Figure 5. LC–MALDI MS analysis of peptides generated from Trypsin digested Cytochrome C.

(a) The LC separation profile of the Cytochrome C digest. (b) and (c) detail the mass spectrometry results using a commercial spotter and using the droplet deposition probe respectively. The mass spectrometry results were plotted as relative peptide abundance versus the spot number. Table S3 compares the results from both spotters.

The chromatographic UV profile of Cytochrome C can be divided into 3 groups of eluted peaks, i.e. 1–5, 6–10 and 11 and 12. Importantly, integration of the droplet interface with the deposition probe provides a MALDI-MS result that preserves the resolution obtained during this chromatographic separation. The three distinct groups were maintained at the peak level, i.e. peaks 1–5, 6–10 and peaks 11 and 12 were spotted in the same sequence in which they were eluted from the chromatographic column (with the exception of peak 3). There was a small loss in resolution between bands in each group; however increasing the spotting frequency and reducing the distance between the chromatographic column and the droplet generation microdevice is expected to ameliorate this problem. Comparatively, the results originating from the automated spotter show more severe remixing between bands. The loss-in-resolution in the automated spotter can be attributed to the longer tubing length and continuous pipe flow of the Nano-LC effluent, inducing Taylor dispersion which will reduce the resolution between the resolved peptide bands. Indeed such kind of loss-in-resolution and remixing was studied in various continuous microfluidic devices [25], [26]. Moreover, in the automated spotter, sample adhesion to the capillary surface might increase cross contamination between eluting bands.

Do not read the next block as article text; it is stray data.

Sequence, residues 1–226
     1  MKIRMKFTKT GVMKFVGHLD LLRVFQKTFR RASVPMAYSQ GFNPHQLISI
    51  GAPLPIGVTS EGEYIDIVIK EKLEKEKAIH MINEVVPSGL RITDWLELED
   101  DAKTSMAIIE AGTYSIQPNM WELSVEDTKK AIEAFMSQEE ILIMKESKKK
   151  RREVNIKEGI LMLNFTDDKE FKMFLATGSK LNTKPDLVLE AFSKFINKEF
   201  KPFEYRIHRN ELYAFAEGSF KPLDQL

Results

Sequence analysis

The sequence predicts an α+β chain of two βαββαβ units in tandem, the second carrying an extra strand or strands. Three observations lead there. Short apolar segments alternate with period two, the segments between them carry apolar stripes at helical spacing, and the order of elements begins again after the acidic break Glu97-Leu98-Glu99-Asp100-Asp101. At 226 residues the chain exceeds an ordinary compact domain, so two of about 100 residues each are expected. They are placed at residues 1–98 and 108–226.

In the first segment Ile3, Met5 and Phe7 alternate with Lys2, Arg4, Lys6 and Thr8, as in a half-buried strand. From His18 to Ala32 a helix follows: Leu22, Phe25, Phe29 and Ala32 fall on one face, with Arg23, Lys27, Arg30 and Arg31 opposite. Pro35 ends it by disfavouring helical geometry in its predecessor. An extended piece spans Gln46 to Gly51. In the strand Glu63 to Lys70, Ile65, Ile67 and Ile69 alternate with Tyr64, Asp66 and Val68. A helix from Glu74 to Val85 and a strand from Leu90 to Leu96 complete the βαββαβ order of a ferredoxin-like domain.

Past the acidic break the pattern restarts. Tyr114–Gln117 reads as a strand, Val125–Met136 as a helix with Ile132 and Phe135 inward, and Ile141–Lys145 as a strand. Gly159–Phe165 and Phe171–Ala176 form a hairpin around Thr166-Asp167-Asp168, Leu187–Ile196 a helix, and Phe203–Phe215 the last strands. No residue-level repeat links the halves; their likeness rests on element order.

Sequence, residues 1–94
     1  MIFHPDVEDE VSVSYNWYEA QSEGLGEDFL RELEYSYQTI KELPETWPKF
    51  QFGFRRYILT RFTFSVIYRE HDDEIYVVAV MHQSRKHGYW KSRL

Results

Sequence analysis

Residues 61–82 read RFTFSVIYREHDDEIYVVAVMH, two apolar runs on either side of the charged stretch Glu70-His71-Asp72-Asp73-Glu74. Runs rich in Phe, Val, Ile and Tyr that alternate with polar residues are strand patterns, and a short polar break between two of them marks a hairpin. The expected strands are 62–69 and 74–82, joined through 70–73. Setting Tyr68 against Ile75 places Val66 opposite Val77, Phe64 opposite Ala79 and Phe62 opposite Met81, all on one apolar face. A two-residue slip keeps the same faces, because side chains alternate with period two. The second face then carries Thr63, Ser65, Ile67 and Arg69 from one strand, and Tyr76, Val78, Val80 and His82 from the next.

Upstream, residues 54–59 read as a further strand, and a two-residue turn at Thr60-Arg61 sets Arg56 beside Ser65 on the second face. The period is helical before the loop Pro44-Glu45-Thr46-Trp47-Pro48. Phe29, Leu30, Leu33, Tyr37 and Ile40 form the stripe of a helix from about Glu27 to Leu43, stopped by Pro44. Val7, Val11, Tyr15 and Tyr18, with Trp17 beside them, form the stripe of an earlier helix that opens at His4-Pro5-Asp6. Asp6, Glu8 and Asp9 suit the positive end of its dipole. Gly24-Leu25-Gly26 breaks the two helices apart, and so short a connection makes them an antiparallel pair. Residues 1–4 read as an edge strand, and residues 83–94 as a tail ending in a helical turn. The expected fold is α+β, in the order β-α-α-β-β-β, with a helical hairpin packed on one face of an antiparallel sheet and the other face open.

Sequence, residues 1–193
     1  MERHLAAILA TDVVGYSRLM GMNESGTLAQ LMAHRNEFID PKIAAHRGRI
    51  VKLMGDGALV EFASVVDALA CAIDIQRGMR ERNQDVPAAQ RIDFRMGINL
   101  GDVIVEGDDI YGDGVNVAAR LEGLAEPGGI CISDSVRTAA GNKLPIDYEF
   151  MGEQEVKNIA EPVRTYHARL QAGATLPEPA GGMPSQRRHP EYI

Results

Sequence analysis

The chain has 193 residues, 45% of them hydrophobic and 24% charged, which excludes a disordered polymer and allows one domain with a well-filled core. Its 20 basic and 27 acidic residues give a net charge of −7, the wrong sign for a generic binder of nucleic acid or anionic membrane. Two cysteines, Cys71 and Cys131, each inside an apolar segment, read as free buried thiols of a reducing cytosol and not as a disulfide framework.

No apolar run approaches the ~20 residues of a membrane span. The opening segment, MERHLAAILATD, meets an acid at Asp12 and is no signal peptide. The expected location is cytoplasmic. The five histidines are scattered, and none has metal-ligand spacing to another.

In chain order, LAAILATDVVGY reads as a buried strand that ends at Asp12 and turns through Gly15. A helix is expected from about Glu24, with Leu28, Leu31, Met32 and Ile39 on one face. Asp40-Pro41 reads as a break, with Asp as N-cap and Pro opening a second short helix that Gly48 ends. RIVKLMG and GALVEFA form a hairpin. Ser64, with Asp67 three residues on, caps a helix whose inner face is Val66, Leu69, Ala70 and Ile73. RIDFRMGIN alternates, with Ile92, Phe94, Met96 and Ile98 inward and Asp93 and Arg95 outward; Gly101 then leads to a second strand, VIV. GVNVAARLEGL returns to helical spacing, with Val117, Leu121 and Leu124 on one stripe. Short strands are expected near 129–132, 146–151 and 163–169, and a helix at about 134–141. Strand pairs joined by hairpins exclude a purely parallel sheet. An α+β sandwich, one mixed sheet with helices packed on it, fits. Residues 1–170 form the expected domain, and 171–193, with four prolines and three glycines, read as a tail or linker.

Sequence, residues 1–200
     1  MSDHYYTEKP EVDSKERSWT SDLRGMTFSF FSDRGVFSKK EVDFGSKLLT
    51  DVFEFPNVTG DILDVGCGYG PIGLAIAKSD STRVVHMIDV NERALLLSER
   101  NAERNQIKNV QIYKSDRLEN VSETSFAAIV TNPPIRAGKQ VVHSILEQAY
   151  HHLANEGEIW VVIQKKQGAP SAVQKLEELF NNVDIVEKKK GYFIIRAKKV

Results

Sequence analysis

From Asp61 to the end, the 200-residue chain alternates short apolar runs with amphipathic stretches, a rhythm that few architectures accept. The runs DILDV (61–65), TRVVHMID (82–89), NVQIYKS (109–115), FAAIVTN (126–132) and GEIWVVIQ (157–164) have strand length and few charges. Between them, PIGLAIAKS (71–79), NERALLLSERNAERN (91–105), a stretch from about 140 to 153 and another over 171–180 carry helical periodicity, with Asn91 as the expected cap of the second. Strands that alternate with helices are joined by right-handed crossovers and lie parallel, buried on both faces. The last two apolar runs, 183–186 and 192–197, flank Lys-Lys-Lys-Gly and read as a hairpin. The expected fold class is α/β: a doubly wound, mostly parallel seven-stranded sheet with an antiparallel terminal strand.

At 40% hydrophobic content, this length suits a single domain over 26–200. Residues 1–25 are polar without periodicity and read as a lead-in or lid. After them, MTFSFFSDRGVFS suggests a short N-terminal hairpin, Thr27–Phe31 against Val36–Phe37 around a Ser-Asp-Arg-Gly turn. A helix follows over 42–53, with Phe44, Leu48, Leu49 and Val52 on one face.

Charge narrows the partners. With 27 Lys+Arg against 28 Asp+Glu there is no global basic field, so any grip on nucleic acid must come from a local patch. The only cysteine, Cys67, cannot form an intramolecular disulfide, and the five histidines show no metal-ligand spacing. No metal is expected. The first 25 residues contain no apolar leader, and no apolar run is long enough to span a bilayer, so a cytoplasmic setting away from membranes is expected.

To further assess the performance of the deposition probe a more complex sample, Trypsin digested BSA was analysed. The Nano-LC separation (Figure 6a) shows numerous peaks that elute between 15 and 40 minutes; however, the supplier only provides mass information for 22 of these peaks. The MS data for the commercial spotter (Figure 6b) reports 12 peptides, while the deposition probe reports 19 distinct peptides. Table S4 lists the peaks found using each spotting format, both with a mass tolerance of 0.1. Three peptides at 544, 688 and 2492 Da were not observed using either spotting methods. This is most probably due to either the fact that the LC effluent was not sampled for the entire duration of the run and that the matrix obscured the signal from the smaller peptides. A further seven peaks of known mass were not observed when using the automated spotter which may be due to ion suppression by co-eluting peaks, because the tailing effect can be clearly seen in Figure 6b. Consequently, the spotted sample may contain several peptides, as well as closely eluting fragments leading to competitive ionisation and loss of signal.

Figure 6. LC–MALDI MS analysis of peptides generated from Trypsin digested Bovine Serum Albumin.

(a) The LC separation profile of the BSA digest. (b) and (c) detail the mass spectrometry results using a commercial spotter and using the deposition probe respectively. The mass spectrometry results were plotted as relative peptide abundance versus the spot number. Table S4 compares the results from each spotter and lists the mono-isotopic mass of each peak.